(NewsNation) — Fentanyl — a synthetic opioid as much as 100 times as powerful than morphine — is being smuggled across the border at a record pace, and Arizona’s attorney general says half of it is coming from an area south of Tucson.
About 67% of opioid overdose deaths in the U.S. involved fentanyl, according to the Centers for Disease Control and Prevention. Although millions of the pills entering the U.S. are regularly seized, some make it past authorities and into the hands of Americans.
Outgoing Arizona Attorney General Mark Brnovich said the drugs are making it through his state, often moved by cartels. The price of fentanyl has dramatically decreased, which is an indication that the flow of the drug is on the rise, despite frequent seizures.
More than 15.75 million pills have been seized at the Nogales, Arizona port of entry alone since Oct. 1.
Recent Border Patrol seizures in Arizona include 1.2 million discovered in the Nogales port of entry. Officials say the bust revealed 541,000 fentanyl pills and 4 pounds of fentanyl powder concealed in the doors and rear panel of a car.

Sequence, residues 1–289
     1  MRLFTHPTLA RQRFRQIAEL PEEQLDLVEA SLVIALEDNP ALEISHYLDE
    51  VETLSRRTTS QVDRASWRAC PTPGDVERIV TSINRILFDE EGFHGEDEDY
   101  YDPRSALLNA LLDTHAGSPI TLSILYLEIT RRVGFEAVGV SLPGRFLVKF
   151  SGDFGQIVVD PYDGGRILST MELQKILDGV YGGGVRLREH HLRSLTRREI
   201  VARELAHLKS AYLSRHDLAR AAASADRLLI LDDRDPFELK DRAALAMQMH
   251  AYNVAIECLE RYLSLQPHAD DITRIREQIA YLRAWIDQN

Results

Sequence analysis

Hours later, more than 689,000 fentanyl pills were found hidden throughout a vehicle.
Across the border, officials are reporting that agents found 208 pounds of fentanyl (the equivalent of about 943,000 pills) in the interior, meaning the drugs made it through the ports of entry or holes in the border.
In an effort to bring awareness to the crisis, the DEA has begun sharing what it calls the Faces of Fentanyl – photos of people who died from fentanyl use.
Brnovich, on his last day in office, said he hopes incoming Attorney General Kris Mayes will put an emphasis on securing the border.